Recommendation 6: Consideration needs to be given as to how to integrate ‘waste’ within the framework of European policies to tackle climate change. One way would be to consider its integration within the EU-ETS. Another would be to consider reinforcing the Effort Sharing Decision, making GHG emission reduction targets with appropriate ambition for the waste sector. Particular attention would need to be paid to ensuring the benefits of recycling and reuse were adequately recognised, even where the recycling and reuse took place in other countries. 
Recommendation 7: In the short-term, and in the absence of a move to consumption-based inventories to the UNFCCC, it would be helpful to include: o as an addendum to the ‘waste’ section of the inventory, the estimated GHG effects of recycling (including where materials collected for recycling are exported), and o in the Industry chapter, the extent to which industries make use of recycled materials (and the implied level of emissions saving).
Recommendation 8: Recognising the uncertainty associated with the way in which emissions from the AFOLU (agriculture, forestry and other land use) Sector are accounted for, inventories should include emissions of biogenic CO2 from incineration (and biomass power plants) until such time as the accounting methods have across countries been assessed in terms of the adequacy of the treatment of this matter.
Recommendation 9: All life cycle studies engaged in comparative assessments of waste treatments should incorporate CO2 emissions from non-fossil sources in their comparative assessment. The argument that CO2 from biogenic sources is all ‘short-cycle’, and so, can be ignored, is tantamount to assuming a separation in the pools of carbon dioxide from fossil and non-fossil sources. It is as though the argument runs that the climate only changes if emissions of CO2 come from fossil sources. This is so obviously wrong that it seems genuinely surprising that this argument could ever have been considered acceptable: in a comparative assessment of the contribution of waste management alternatives to climate change, the only correct way to proceed is to account for emissions (and sinks, if this is applicable) of all greenhouse gases since they will all have ‘warming potential’, irrespective of their origin.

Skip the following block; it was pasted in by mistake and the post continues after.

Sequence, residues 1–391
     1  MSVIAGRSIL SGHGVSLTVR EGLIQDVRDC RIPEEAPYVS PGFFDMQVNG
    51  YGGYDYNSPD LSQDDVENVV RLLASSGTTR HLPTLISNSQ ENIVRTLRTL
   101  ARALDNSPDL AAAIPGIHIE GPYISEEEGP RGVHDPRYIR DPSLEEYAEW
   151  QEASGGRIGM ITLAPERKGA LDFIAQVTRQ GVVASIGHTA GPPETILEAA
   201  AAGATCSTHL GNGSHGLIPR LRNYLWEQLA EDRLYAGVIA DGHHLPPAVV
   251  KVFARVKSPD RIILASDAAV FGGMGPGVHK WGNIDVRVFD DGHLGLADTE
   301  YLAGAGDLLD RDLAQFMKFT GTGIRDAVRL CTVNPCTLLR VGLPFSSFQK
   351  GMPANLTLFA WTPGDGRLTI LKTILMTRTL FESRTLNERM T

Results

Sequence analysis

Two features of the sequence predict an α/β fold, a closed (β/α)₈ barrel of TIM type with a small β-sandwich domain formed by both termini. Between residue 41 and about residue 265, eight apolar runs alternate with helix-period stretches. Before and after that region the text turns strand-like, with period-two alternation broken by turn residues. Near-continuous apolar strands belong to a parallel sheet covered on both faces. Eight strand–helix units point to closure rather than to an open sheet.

Recommendation 10: In the longer term, it would be preferable to move towards consumption based inventories. Inventories based on production completely underestimate the global impact of a country’s consumption, as many emissions occur abroad, where the goods are produced. In this respect, consumption based inventories would be much more effective at reflecting the GHG impact of EU countries and taking responsibility for all the emissions they are generating. The emissionsfor the EU-27 from 2009 using the production based approach have been assessed to be 4,059 million tonnes CO2 equivalent, whilst the equivalent figure using their consumption-based approach was 4,823 million tonnes CO2 equivalent. Despite the uncertainties of this method which would require countries to put efforts in data collection, it would be a good way to force them to collaborate to mitigate their emissions, as emissions reduction in one country could trigger a rise in another one if the consumption and production systems are not made sustainable.
Recommendation 11: Regional funds (and funding from international financial institutions) urgently need to reconsider their funding of waste management projects. The more capital intense waste management optionslie closer to the bottom of the waste management hierarchy than the top. The tendency for those engaged in funding organisations, on the other hand, is to see disbursement of capital as a key indicator of success. In such a situation, large amounts of capital can create as many problems as it solves. Whilst it is one thing for private capital to back specific projects, those disbursing regional funds, and the international financial institutions, need to develop innovative models of funding that facilitate projects for prevention, reuse, repair, remanufacturing, and recycling rather than residual waste treatments. The lack of innovation in this regard is extremely disappointing, not least given the limited climate change benefits that are achieved through such projects (notwithstanding the claims made for them).
These recommendations put a strong focus on correcting methodological issues that are currently preventing Member states and the European union from implementing waste policies that are efficient in terms of GHG emissions.
The report shows that in the decarbonizing economy required to mitigate the worst impacts of climate change, technologies such as incineration will become less attractive options and ultimately present an obstacle to a low carbon economy.